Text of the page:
Joker here’s a very interesting article you might be interested in reading as it sheds light on the “Wefaq Break-aways” of which Shaikh Sanad is one (I’m fairly sure) in demanding UN intervention in Bahrain, the article is an interview with the chairman of the National Democratic Action Society (ndas) Ibrahim Sharif by the Kuwaiti newspaper Al-Qabas on Dec 13th (which put Sharif in a bit of hot water with the authorities here):

    هل كان ناجحا خيار مقاطعة الانتخابات عام 2002، وهل ستقاطعون انتخابات 2006؟

    خيار المقاطعة كان الخيار الطبيعي للوضع في ذلك الحين، كان ينبغي للجمعيات المعارضة أن تسجل موقفا تاريخيا على دستور 2002، وهذا لا يلزمها باللجوء الى الخيار نفسه في انتخابات 2006، والدليل وجود حراك سياسي في المعارضة للمشاركة كجمعية «الوفاق» أكبر الجمعيات في البحرين، ومجموعة صغيرة داخلها انفصلت عن الجمعية، أقاموا حركة جديدة أسموها «حق» وسقفهم أعلى من سقف المعارضة، فنحن سقفنا دستور 1973 ، وهم الآن يتكلمون عن دستور جديد يعطي جميع السلطات للشعب بإشراف الأمم المتحدة، يسعون لتدويل الموضوع، ويقصدون تدخلا دوليا دبلوماسيا وليس عسكريا، ونحن نشاركهم الرغبة بوضع دستور جديد للبلد، لكن لا يمكن حرق مرحلة كاملة قد تستغرق لدينا عشر سنوات أخرى، ونحن نحتاج أولا لتثبيت مكتسبات دستور 1973 ، وسنذهب معهم في طرحهم، نحن نتفق معهم، لكننا نعتقد أنها الخطوة الثانية وليست الخطوة الأولى للإصلاح، والقضية الثانية التي نختلف فيها معهم هي أن ما يطرحونه الآن إعادة كتابة العقد، بينما نقول لنرجع للعقد أولا ثم نعيد كتابة العقد مشتركين مع النظام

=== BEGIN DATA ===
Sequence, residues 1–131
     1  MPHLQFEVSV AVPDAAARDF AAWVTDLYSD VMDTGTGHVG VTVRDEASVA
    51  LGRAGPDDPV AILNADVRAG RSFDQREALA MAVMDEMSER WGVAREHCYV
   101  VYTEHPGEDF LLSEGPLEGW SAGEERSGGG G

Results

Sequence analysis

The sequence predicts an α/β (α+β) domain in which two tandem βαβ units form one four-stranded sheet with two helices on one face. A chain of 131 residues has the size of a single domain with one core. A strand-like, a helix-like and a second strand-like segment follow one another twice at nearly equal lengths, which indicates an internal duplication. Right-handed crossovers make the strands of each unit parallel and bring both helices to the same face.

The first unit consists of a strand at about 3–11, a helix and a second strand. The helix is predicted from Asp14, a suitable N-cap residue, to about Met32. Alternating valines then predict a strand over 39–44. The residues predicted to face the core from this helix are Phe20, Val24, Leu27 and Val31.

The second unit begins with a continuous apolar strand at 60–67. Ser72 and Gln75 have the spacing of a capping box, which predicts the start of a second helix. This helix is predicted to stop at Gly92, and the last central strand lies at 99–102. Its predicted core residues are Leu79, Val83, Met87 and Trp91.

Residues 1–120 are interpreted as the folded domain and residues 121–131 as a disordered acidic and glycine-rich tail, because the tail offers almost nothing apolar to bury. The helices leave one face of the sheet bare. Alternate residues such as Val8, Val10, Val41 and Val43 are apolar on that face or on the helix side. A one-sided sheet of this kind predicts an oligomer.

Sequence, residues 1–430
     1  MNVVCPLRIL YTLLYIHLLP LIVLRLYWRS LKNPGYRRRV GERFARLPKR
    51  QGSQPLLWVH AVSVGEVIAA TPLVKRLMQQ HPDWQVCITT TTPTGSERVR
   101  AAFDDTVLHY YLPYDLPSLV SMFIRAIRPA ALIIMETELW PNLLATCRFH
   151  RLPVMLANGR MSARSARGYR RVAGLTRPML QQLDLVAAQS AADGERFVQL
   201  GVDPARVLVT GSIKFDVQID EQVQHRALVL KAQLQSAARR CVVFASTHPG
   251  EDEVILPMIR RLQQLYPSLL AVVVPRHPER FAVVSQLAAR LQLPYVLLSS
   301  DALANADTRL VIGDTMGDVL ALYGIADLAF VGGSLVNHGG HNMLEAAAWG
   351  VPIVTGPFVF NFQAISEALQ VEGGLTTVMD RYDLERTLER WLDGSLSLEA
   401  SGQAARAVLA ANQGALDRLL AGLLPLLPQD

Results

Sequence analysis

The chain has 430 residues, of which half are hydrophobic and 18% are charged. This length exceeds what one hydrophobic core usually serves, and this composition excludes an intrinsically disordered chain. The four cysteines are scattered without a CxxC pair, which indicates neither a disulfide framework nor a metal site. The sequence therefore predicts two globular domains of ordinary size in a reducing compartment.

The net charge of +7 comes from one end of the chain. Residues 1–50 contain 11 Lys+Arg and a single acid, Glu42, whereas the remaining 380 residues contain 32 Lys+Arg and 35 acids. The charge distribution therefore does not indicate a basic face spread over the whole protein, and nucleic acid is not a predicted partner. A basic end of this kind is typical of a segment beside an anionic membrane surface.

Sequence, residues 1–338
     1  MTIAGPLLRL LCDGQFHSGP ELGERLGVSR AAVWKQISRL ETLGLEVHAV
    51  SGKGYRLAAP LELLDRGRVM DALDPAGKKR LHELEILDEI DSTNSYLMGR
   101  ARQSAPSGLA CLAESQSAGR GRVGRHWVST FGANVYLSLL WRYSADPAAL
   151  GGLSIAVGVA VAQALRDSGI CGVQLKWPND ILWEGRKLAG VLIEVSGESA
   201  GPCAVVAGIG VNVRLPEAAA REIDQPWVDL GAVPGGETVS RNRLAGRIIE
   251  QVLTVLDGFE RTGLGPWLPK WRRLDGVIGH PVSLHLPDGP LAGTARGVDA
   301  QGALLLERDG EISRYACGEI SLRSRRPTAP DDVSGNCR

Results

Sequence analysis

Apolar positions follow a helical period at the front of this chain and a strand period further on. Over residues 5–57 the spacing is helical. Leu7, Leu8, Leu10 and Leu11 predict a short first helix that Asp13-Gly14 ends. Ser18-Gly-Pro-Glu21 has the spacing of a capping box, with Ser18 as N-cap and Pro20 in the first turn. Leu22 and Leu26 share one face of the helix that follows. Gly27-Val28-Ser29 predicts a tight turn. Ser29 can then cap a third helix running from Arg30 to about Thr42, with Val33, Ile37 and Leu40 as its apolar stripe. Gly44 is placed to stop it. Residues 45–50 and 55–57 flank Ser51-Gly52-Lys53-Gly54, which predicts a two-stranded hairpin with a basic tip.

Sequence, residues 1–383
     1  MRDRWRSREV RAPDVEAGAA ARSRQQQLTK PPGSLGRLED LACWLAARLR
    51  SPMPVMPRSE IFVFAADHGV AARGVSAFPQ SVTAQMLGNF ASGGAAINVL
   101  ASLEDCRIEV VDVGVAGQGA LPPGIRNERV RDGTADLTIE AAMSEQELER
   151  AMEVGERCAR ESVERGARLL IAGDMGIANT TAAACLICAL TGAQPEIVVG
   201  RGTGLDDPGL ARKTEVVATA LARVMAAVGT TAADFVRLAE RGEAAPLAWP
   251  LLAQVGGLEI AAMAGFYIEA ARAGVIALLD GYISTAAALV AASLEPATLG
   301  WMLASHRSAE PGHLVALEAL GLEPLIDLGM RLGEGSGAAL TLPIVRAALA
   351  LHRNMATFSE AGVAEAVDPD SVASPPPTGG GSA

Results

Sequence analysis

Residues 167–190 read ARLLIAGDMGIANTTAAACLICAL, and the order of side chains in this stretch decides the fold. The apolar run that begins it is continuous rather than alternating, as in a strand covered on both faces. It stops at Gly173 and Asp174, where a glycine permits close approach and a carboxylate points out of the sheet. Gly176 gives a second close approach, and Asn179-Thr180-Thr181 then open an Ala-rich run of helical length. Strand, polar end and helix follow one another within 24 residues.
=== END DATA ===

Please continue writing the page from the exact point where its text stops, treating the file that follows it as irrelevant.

Al-Qabas Newspaper via aldemokrati.com

  7. anonymous says:

    Knight in Shining Armour

    هل لدى الأسرة قبول عند الشعب؟

    أعتقد أن شعبية اأسرة والملك وولي العهد تراجعت الى حد كبير، أما رئيس الوزراء فلا يملك أي شعبية، «يعني صفر

    Hmmm…. 🙂